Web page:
Well, speculative design can be productive for clients seeking to innovate out of their in-the-box models of thinking. Engaging in a thought experiment (as I wrote in the piece) can be useful for creative problem-solving, even though the end result will be wildly different. It's not meant to be a literal proposal, as…
Impractical and absurd, yes—which I acknowledged in the piece, and the designers do too! Speculation is a thought experiment, meant to challenge us with impracticalities in ways that can productively interrupt received, same-old same-old ideas.
I tend to think that language counts, too. And I hadn't considered the dynamics of exchange that happen at most docks, so thanks for this response. It's interesting to think about whether/what stakes are involved in conflating these meanings; I'll think on this.
Omhu sells replacement feet: http://omhu.com/store/omhu-can… Maybe contact them and see whether it might fit yours?
True, the folding canes are clever! I think these companies were going for the remarkable stability you get from a streamlined, single structure. Benefits to both.
Their choice of words is interesting, it's true. Leaving aside whether the terminology is desirable in the first place, why shouldn't an ordinary piece of technology (which is useful not only to the elderly, but to many people post-injury, temporarily disabled, etc) share the same vernacular with other kinds of…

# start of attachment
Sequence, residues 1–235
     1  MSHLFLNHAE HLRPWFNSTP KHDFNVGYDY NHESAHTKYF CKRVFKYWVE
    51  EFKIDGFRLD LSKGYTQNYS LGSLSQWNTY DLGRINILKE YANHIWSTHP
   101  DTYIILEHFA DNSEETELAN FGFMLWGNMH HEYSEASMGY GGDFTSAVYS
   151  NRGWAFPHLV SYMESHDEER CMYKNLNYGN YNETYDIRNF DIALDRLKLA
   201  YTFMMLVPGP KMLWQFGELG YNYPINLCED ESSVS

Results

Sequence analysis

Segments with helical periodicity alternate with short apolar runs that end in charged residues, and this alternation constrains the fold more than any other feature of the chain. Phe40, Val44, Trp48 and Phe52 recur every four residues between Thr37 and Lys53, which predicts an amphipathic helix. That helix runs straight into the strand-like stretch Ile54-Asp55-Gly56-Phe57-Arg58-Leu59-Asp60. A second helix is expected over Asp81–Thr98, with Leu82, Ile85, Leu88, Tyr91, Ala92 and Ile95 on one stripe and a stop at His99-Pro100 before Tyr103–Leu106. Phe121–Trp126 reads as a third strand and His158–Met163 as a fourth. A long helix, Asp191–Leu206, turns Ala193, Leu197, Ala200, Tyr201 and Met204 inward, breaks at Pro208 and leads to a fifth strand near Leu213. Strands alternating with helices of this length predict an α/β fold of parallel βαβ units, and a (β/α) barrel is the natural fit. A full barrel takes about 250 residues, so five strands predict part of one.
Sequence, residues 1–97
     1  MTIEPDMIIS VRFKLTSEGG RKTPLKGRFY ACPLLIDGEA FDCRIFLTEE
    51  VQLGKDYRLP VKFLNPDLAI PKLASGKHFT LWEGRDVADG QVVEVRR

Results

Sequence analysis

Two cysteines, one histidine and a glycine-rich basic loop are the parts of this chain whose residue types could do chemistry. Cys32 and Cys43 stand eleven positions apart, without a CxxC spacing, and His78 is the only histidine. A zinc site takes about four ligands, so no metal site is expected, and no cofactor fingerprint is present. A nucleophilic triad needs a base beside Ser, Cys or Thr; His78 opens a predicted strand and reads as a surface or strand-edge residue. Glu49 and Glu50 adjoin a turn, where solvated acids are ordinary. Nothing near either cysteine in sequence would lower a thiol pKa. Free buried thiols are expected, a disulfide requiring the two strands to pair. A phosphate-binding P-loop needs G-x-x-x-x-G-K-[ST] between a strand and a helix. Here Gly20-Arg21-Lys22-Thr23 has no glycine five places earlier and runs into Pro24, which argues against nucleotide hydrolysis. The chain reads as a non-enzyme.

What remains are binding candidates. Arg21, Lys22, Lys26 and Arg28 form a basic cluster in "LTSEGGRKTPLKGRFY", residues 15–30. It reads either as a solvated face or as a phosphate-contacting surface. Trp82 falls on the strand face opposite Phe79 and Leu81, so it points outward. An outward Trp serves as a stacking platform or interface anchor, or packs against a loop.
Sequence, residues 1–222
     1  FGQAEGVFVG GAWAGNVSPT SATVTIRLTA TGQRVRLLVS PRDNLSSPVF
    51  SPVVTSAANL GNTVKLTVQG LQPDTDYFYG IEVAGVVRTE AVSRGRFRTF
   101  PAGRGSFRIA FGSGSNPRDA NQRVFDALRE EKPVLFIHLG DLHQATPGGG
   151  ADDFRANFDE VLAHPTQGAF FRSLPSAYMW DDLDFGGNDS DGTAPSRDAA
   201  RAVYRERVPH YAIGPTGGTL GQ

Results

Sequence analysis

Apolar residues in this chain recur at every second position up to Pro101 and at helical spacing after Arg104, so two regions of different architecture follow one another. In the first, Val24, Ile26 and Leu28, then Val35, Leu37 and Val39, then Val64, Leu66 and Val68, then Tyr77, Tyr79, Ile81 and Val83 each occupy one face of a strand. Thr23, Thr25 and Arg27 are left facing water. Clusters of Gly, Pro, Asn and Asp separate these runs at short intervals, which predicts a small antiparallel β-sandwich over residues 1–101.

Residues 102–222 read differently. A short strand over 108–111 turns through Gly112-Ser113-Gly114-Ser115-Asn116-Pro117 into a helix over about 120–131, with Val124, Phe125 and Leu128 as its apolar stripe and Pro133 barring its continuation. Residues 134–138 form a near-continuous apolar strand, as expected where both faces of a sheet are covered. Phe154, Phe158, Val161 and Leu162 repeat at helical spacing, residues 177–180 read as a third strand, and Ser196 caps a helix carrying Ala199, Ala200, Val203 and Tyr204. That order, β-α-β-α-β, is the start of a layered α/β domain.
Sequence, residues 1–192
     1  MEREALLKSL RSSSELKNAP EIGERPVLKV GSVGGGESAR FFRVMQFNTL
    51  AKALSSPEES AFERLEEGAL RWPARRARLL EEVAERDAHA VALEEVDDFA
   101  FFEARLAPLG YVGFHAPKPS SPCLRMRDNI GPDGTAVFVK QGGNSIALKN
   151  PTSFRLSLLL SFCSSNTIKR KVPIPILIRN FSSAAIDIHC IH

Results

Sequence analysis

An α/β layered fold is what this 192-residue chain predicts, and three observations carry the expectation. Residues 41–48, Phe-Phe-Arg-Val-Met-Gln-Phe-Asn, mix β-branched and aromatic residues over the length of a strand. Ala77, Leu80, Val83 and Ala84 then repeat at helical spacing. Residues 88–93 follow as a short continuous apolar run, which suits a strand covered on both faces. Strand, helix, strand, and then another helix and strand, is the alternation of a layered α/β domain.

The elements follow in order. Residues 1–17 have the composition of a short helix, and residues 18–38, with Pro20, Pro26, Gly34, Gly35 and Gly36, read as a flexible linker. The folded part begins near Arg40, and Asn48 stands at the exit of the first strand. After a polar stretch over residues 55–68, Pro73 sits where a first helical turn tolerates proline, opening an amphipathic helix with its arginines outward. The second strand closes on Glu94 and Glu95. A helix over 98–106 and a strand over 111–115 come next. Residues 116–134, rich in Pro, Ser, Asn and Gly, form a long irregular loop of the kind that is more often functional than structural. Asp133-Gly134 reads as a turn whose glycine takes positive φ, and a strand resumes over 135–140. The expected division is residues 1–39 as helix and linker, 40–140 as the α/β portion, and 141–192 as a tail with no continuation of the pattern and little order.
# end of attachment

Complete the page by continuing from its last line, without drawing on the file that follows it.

But design attention isn't just about style. I'd still argue that designs like these are reassessing what's important in the physical qualities of a cane and creatively deploying materials from outside medical tech to achieve those qualities.
Platform isn't my choice here inside Gizmodo, unfortunately. I've asked for changes through the proper channels, and I'll keep asking. But again, there will be descriptions for screen readers for every image.
I'm glad! I have a number of posts about digital access especially geared around visual impairments that I'm excited to share.
Me too, Marc. I love what you're doing and can't believe I haven't known about you for much longer. Glad to rectify that.
See the link in the image descriptions at the bottom of the post. It's Cohen van Balen's "Phantom Recorder": http://www.cohenvanbalen.com/work/phantom-r…
It'll be the same mix—so, enhancement tech too. Everything included under the prosthetic that might not at first be read as "assistive." Plus animal extensions, more in architecture, much else. Looking forward to it.